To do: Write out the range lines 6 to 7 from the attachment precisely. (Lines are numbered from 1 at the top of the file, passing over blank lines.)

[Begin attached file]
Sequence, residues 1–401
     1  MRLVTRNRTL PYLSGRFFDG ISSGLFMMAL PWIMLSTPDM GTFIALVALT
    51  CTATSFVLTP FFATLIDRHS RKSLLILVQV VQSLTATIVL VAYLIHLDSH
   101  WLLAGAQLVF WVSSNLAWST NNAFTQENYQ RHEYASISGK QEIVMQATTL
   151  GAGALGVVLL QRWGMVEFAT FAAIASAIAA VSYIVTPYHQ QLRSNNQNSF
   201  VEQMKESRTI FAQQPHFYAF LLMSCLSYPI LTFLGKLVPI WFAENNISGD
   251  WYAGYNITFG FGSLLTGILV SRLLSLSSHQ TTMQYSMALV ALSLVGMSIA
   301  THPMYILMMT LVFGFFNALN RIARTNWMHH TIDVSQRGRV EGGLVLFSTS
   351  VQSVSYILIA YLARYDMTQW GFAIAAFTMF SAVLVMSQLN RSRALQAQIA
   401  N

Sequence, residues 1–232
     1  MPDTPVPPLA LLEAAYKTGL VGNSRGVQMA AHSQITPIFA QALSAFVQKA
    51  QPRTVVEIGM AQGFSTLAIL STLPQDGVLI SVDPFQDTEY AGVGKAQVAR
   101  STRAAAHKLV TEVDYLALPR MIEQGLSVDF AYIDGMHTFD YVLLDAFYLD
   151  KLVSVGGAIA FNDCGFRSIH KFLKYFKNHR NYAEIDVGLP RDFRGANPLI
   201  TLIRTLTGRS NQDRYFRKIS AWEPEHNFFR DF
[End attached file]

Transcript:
   201  VEQMKESRTI FAQQPHFYAF LLMSCLSYPI LTFLGKLVPI WFAENNISGD
   251  WYAGYNITFG FGSLLTGILV SRLLSLSSHQ TTMQYSMALV ALSLVGMSIA